The debate about the quality of the wicket should never have happened in the first instance; it had been pretty much put to rest by the way India batted in the second innings (if you argue that the first innings was down to the toss advantage — which is specious in itself, but still). And Axar finally made the point worth making: The toss did not matter here; what you did, or didn’t do, with the ball mattered.
Axar’s bowling colleague Ashwin, while accepting the Man of the Match, nailed it (emphasis mine): “Look actually, this wicket is very different to the first game. Those balls which were doing much didn’t get wickets, it was the mind doing things.”
Exactly — which brings up England’s woeful batting in the second innings particularly. Surely, you thought, after the way they played in the first innings, and by then having watched the Indian batsmen play on this track across two innings, they would have rethought their reflexive, predetermined game-plans. But, no.
Lawrence, as pointed out previously, charged down the wicket so often, and so often irrespective of length, that he might as well have taken the bowler into his confidence ahead of play. Stokes, who has played enough to know better, played determinedly from within the crease, his front foot sliding along the crease, going neither fully forward nor deep back — which allowed Ashwin the time and space to work him out. Pope came out sweeping and went out sweeping, almost every one of them premeditated — and his top edge off Axar Patel mirrored the way Root had gotten himself out in the first innings, sweeping at the ball turning away from him without being able to get close enough to the pitch to keep the ball from turning and bouncing.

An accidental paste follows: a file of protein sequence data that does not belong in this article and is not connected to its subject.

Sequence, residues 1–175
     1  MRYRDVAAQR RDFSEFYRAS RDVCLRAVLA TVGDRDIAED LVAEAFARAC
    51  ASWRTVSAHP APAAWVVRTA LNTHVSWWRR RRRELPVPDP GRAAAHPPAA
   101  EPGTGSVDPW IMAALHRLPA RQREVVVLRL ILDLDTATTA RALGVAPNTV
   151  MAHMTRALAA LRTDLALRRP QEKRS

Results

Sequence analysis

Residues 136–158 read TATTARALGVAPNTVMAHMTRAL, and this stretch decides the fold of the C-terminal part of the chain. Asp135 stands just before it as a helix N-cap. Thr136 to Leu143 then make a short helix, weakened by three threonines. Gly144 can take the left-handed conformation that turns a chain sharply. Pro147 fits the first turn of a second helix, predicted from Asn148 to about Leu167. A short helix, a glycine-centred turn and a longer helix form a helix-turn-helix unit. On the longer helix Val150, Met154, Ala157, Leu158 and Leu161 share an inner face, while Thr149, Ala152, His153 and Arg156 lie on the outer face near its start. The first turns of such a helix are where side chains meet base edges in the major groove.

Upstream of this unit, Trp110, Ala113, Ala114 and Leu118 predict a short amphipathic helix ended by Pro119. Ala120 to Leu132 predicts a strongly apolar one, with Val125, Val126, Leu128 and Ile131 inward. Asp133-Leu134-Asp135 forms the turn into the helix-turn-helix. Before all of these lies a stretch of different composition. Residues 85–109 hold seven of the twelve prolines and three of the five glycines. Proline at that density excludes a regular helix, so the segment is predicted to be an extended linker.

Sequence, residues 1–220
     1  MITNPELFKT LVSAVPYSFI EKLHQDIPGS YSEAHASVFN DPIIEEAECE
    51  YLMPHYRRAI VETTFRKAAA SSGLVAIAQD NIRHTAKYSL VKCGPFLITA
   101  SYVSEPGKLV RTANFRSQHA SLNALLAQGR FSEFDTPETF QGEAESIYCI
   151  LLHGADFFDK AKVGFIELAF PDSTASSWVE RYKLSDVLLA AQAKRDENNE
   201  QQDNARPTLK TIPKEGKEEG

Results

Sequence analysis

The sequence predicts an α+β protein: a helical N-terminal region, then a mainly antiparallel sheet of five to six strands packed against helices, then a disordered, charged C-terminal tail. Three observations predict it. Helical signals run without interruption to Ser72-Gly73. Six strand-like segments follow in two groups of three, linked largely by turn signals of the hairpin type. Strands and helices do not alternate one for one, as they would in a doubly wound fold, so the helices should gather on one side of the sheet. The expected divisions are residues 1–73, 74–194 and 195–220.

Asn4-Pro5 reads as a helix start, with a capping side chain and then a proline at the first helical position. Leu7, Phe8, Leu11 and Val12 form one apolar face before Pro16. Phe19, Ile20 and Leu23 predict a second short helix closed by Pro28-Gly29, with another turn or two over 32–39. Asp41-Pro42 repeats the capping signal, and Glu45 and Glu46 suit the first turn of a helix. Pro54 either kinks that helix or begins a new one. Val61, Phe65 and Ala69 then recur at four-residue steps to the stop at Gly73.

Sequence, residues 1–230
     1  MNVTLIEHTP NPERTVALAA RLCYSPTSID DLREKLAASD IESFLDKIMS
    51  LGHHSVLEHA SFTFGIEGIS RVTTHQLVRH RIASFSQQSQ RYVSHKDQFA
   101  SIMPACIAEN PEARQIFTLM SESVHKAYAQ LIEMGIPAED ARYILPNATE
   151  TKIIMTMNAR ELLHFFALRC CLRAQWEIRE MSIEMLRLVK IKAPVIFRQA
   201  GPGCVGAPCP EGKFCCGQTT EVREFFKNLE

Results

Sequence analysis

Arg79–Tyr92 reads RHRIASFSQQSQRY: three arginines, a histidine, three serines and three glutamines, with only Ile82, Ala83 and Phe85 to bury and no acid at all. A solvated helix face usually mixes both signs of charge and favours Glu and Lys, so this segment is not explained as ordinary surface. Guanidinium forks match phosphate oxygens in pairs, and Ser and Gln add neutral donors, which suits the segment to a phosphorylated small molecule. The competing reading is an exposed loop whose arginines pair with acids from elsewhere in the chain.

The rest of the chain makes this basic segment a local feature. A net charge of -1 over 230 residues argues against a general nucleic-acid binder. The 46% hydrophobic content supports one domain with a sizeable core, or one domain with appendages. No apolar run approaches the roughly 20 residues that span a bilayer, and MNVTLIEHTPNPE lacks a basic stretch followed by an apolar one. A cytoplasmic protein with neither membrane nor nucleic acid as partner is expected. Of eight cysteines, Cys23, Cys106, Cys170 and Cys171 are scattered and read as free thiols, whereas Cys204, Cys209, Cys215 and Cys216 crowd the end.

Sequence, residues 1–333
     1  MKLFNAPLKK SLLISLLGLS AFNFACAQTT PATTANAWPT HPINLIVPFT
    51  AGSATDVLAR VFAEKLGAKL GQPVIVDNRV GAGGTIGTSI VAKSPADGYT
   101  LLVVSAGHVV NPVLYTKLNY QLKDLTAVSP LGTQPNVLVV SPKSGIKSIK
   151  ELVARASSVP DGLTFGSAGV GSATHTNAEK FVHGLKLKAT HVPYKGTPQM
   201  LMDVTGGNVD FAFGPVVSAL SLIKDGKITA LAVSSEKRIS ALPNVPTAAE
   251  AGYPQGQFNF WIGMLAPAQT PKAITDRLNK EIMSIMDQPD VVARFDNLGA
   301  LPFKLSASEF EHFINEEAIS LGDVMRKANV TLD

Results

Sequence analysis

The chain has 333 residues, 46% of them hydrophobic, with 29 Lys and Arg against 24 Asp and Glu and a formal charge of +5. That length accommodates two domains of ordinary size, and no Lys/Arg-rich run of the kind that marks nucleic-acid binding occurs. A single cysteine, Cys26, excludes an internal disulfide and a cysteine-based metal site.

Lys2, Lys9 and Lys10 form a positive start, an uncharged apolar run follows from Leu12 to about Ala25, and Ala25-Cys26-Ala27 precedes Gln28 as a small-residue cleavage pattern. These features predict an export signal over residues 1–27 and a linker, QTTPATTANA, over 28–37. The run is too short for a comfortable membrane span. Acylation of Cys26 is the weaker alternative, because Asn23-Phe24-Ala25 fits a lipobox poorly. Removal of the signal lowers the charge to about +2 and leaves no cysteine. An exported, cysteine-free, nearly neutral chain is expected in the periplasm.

Root popped up the ball off the sweep once, and then reverse swept Kuldeep Yadav and was lucky to be dropped, off a sitter, by Siraj at point — by now, the Indian bowlers have figured out not only that Root will sweep, but have watched how he sweeps, and you can see them beginning to see the stroke not as Root’s strength, but as a vulnerability to be exploited. Foakes, who batted so correctly in the first innings, fell sweeping at a Kuldeep delivery that was way too full for the sweep (and which, ironically, was full enough for the drive through the untenanted outfield on either side of the wicket). Olly Stone, out sweeping at Axar Patel…
Here’s the thing: Thus far, the England batsmen have clearly indicated to India’s bowlers that they believe the sweep is their ‘get out of jail free’ card. Any bowler worth his salt, with that kind of information, will work out ways to turn asset into liability. The sweep, used judiciously, is a potent weapon — but if you look back at the two England innings here and count the number of batsmen who fell sweeping reflexively rather than as part of an overall strategy, you’d weep.
Ironically, it was Moeen Ali at number ten who finally showed what was possible on this wicket. Sure, the argument could go that he was batting with nothing at stake — but the trick lay in the how of it. In the same over in which Patel got Stone, Moeen thrice danced down the wicket and deposited the spinner into the stands — the first two over long on, with Moeen coming close enough to negate the turn, and the third straight back over the bowler’s head.